Navigating The COVID-Affected World of Finance
fdu’s guest blogger, Ricky Shafier has held various positions across several Financial institutions and is now founder and director of Plexus Finance, a boutique debt advisory firm helping UK businesses access a wide range of Finance.
Back in March 2020, COVID-19 was still a relatively unknown quantity and its impact had not yet been felt. As we fast-forward to today, all industries, sectors and walks of life are still adjusting to and navigating the effects of this pandemic. Some industries have been able to pivot and flex to fit the ‘new normal’ with innovation helping businesses thrive. Some, however, have been left behind.
The Finance industry is one that had to adapt quickly to the new world and a string of Government-backed schemes have potentially changed the lending landscape as we know it.
A new lending landscape
As the lockdown was announced, business owners quickly switched to survival mode and wave of measures were put in place to help businesses access Finance. After some teething issues, the respective schemes have injected a total of £47b in furlough payments, £11b in local grants, and £62b worth of Government-backed capital to SMEs through debt. In fact, banks lent (net of repayments) non-Financial companies just over £30bn in March which is approximately 100 times the average of net lending over the twelve months to February. This highlights the sheer reliance on debt as a tool for helping businesses maintain a healthy cashflow to ensure they’re not defeated by the lockdown.
According to a report by Ernst & Young, lending growth is forecast to slow to 7.1% in 2021. Firms as a whole are forecast to only start repaying debt in net terms, from late 2021 and as a result the return to pre-COVID economic levels could be slow paced.
But what does this mean for the lending market moving forward?
Lending right now
The main Finance options for UK SMEs are currently:
- Bank lending
- Unsecured lending
- Secured lending
- Invoice Finance
- Asset Finance
The lending landscape is dominated by the two headline government schemes: the Coronavirus Business Interruption Loan Scheme (CBILS) and the Bounce Back Loan Scheme (BBLS). These two schemes have allowed businesses to access Finance without interest or repayment for 12 months (with the Government covering the interest and charges for the first 12 months of the loan). Provided the lending is below £250k then directors do not need to personally guarantee the Finance either. Other working capital solutions such as invoice Finance have seen a fall in amounts lent as the UK economy continues its recovery.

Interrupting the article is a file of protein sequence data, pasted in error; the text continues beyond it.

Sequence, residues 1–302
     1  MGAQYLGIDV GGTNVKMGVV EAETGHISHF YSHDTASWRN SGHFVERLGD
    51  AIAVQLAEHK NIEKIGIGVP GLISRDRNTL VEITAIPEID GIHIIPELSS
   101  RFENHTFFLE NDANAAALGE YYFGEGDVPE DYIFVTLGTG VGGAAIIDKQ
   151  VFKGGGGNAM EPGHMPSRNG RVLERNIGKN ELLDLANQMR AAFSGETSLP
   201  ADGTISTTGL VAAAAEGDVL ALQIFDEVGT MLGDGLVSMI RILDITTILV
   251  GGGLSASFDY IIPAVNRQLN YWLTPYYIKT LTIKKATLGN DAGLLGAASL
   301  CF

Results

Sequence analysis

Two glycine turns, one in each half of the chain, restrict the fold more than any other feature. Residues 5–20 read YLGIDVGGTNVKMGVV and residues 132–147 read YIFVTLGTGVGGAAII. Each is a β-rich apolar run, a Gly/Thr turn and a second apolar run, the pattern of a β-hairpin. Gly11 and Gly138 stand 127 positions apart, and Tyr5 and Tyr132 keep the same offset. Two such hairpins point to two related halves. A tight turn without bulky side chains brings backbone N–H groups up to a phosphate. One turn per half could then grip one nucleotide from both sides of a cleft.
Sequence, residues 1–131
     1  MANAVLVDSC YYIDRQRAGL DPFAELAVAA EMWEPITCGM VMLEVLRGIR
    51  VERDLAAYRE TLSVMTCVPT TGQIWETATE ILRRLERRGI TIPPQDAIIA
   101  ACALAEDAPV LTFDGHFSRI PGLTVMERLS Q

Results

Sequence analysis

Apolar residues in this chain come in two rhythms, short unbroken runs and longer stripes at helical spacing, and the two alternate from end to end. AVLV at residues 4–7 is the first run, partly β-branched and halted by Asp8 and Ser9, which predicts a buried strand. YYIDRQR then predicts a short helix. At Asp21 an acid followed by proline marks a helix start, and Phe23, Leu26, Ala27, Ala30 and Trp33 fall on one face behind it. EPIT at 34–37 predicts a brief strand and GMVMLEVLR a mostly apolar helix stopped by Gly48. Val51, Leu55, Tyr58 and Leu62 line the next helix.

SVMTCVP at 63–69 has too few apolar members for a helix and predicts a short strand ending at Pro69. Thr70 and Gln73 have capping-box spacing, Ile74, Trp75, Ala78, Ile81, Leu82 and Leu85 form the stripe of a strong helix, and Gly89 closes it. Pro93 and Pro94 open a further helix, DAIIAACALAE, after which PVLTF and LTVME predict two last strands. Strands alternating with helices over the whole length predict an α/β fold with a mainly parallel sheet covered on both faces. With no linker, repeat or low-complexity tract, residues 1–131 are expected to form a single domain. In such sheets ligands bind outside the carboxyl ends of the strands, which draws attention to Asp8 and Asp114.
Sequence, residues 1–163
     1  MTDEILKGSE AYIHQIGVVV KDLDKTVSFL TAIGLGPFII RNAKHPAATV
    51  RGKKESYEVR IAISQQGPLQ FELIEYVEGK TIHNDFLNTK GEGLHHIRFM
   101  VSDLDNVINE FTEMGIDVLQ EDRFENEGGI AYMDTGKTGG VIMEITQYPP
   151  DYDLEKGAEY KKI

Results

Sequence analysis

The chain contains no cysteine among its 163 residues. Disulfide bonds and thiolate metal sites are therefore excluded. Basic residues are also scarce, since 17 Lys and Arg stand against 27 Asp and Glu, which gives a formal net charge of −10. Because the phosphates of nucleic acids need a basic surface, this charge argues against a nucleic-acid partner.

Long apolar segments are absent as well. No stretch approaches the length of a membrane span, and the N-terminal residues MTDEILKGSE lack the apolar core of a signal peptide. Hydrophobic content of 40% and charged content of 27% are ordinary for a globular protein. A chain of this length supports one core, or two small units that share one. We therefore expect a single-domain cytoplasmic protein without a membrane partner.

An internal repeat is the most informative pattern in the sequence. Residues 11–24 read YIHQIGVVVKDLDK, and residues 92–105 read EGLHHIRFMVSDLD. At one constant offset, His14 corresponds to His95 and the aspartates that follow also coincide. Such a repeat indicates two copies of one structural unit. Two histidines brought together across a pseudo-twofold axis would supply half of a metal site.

A report from the Office of National Statistics last week revealed 18% of businesses at severe or moderate risk of insolvency. The survey also revealed that 27% of businesses surveyed said that they had less than three months’ worth of cash reserves and as we move into 2021 working capital solutions could play an important role in helping SMEs stay afloat.
The future of the lending landscape
For many SMEs access to ‘cheap’ capital has been notoriously difficult. Banks will often take security and in a world that looks more uncertain, less business owners are looking to personally guarantee debt. The CBILS originated from the Enterprise Finance Guarantee scheme (EFG), a scheme designed to help business owners obtain Finance with the backing of the Government where lenders would otherwise refuse based on a lack of personal security. I anticipate that in the new year the Coronavirus loan schemes will be replaced by a similar EFG scheme – but don’t expect the Government to pick up the cost of the fees and interest for the first 12 months, and certainly don’t expect any repayment holidays.
If there is a positive that might come from this pandemic, it is that the lending market has been shaken up. With more lenders accredited under CBILS, expect more options for SMEs to access capital as we move into 2021 – but don’t expect the same rates you’ve seen through the CBILS and the BBLS.
More cashflow solutions?
The pandemic has seen traditional lenders move to provide more working capital solutions to help pay VAT and HMRC bills in monthly instalments. This could prove crucial as businesses focus on preserving and managing cash flow. As we move into 2021 shorter term cash flow solutions gain prominence as costs increase with the reintroduction of HMRC and loan repayments.
Invoice Finance is another debt vehicle expected to play a part for firms looking to juggle the costs of running their business and repaying loans which will start for some firms in Q2 of 2021. One thing is for sure, whilst the facilities available won’t be as generous as the CBIL and BBL schemes, businesses will not be short of options.
NB: The CBIL scheme is due to end on the 30th November. If you are looking for CBILS funding you need to ensure you apply at least 2 weeks before the deadline (4 weeks if applying through a high street bank).
If you would like to know more about accessing Finance, please email Ricky on email@example.com.